The discretionary powers clothed with the Supreme Court of Ghana, has once again unanimously favoured the Electoral Commission (EC) and President Nana Akufo-Addo during today’s hearing of the election petition.
Several decisions of the apex court with respect to the discretionary powers, have gone in favour of the two respondents in the case; the EC boss Jean Adukwei Mensa and President Akufo-Addo, after applications and arguments by the petitioner, John Mahama.
During the 2013 election petition hearing, some of the justices had openly dissented but the present case is yet to witness any of the seven judges namely Justice Kwasi Anin-Yeboah, Justice Yaw Apau, Justice Samuel Kofi Marful-Sau, Justice Prof. Nii Ashie Kotey, Justice Nene A. O. Amegatcher, Justice Gertrude Torkonoo and Justice Mariama Owusu, dissent.
So far, the Supreme Court has unanimously dismissed an application for interrogatories, an application for stay of Proceedings as moot and withdrawn and a motion for leave to file supplementary statement of case.
Also dismissed was a motion for leave to add additional grounds and amend a paragraph in the petitioner’s motion for review relative to the interrogatories.
Additionally, the same Supreme Court unanimously dismissed a review on motion for interrogatories even with the addition of new panelists Justice Henrietta Mensah Bonsu and Justice Yussif Tanko.
The latest application, a motion to inspect original documents in the custody of the EC, was also unanimously dismissed by the Supreme Court.
The exercise of today’s discretionary powers by the Supreme Court judges again against Mr Mahama, was with respect to his demand for original constituency presidential election result collation forms for all constituencies, constituency presidential election results summary sheet, regional presidential election summary sheets for all regions and the declaration of the presidential results form.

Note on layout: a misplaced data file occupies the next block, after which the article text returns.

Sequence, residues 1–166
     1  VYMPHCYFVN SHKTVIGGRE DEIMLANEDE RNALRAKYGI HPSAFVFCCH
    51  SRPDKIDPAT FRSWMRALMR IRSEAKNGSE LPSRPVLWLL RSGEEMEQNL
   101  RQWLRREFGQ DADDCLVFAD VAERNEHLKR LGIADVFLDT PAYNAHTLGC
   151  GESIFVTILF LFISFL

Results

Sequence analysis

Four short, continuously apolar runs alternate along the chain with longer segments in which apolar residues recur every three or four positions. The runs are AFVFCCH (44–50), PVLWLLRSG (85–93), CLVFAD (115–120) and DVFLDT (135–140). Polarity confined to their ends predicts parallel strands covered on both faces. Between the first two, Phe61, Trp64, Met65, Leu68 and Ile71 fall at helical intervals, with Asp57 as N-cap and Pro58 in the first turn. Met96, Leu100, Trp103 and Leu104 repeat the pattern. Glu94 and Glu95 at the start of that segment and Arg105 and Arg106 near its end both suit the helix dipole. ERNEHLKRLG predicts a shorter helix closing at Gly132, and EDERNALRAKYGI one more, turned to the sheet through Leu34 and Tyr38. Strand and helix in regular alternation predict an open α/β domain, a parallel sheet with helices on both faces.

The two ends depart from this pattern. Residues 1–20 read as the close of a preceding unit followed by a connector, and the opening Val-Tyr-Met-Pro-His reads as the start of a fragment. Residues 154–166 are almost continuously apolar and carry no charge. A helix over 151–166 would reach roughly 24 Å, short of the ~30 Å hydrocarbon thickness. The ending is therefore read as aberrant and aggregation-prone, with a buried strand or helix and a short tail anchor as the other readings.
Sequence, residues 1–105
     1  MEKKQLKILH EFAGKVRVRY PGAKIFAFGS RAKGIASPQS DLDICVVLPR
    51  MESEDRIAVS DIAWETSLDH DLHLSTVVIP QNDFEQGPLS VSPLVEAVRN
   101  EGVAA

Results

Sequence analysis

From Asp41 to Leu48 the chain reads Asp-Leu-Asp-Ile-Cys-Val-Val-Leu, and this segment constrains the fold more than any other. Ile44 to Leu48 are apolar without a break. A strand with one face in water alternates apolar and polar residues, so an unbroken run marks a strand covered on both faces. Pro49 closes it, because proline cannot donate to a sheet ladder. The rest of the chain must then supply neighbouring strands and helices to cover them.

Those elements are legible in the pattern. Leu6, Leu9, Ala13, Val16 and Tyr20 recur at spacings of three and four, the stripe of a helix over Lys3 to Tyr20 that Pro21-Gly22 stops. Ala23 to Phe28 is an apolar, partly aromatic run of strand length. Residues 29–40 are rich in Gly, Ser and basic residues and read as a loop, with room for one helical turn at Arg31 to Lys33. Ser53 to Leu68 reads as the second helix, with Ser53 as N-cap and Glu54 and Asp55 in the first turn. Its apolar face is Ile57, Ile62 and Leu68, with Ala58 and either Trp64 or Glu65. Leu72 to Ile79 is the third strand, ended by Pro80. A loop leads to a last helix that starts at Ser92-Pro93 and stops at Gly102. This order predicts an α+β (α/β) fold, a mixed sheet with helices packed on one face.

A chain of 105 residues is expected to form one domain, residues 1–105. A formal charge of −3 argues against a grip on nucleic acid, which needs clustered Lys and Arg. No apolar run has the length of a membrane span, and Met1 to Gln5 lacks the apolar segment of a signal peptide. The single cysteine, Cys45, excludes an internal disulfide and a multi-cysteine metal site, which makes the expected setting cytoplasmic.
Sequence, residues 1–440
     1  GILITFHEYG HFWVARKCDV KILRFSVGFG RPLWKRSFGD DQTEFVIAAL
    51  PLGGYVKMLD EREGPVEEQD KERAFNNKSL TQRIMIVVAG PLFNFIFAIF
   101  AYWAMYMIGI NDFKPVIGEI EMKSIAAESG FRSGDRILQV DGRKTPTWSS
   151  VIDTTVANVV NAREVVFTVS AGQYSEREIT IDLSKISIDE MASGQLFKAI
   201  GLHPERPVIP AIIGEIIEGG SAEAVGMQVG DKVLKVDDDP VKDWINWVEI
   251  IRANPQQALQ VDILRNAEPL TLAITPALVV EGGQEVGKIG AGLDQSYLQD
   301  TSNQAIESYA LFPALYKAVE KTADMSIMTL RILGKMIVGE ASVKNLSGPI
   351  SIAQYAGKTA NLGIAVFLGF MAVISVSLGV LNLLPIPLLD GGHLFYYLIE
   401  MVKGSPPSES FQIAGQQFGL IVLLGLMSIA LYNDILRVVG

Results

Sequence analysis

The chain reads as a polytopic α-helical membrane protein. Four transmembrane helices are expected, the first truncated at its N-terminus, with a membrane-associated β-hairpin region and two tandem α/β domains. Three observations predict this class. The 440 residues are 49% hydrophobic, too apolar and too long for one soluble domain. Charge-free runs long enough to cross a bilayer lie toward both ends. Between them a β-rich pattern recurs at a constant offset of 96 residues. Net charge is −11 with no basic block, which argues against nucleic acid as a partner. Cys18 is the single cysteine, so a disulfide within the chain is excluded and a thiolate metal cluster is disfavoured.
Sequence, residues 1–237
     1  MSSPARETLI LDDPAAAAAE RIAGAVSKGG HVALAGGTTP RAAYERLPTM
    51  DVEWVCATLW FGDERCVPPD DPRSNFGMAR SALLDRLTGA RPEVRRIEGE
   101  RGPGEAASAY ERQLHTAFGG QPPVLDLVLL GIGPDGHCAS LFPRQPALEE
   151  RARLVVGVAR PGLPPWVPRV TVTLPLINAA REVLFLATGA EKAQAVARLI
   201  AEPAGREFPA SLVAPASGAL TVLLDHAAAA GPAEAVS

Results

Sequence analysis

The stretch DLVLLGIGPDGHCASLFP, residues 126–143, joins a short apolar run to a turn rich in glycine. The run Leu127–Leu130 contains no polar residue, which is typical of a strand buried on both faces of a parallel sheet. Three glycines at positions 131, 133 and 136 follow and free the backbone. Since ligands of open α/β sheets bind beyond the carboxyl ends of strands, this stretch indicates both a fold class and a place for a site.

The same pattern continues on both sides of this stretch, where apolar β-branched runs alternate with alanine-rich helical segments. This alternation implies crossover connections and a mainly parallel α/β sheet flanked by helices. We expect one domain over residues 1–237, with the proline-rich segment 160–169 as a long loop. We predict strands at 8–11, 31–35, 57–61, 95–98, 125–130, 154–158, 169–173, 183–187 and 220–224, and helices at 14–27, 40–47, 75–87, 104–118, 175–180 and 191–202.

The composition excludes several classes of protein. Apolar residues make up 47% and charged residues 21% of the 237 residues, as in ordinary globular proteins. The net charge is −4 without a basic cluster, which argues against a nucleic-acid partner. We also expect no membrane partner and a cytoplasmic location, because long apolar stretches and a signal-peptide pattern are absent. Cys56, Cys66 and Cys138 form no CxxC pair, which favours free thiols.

Interestingly, the EC shortly after the 2020 elections declared in a press statement dated December 18, 2020 that “We reassure the General Public that all data generated before, during and after the election has been preserved and will be made available to any interested party in a transparent manner when requested through the laid down process”.
During the hearing, the lead lawyer for the petitioner, Tsatsu Tsikata, argued that his client was entitled to inspect the documents of the 1st Respondent due to the differences in the number of total valid votes cast and other results in the declared results.
He insisted that inspection of the said documents, will enable the petitioner to confirm whether their documents are the same as those in the custody of the 1st Respondent, the Electoral Commission.
But the application was objected to by lawyers of the respondents.
They described the application as misconceived.
The lawyer for the 1st Respondent, argued that the petitioner has all carbonated copies of the said documents, hence such a request was untenable.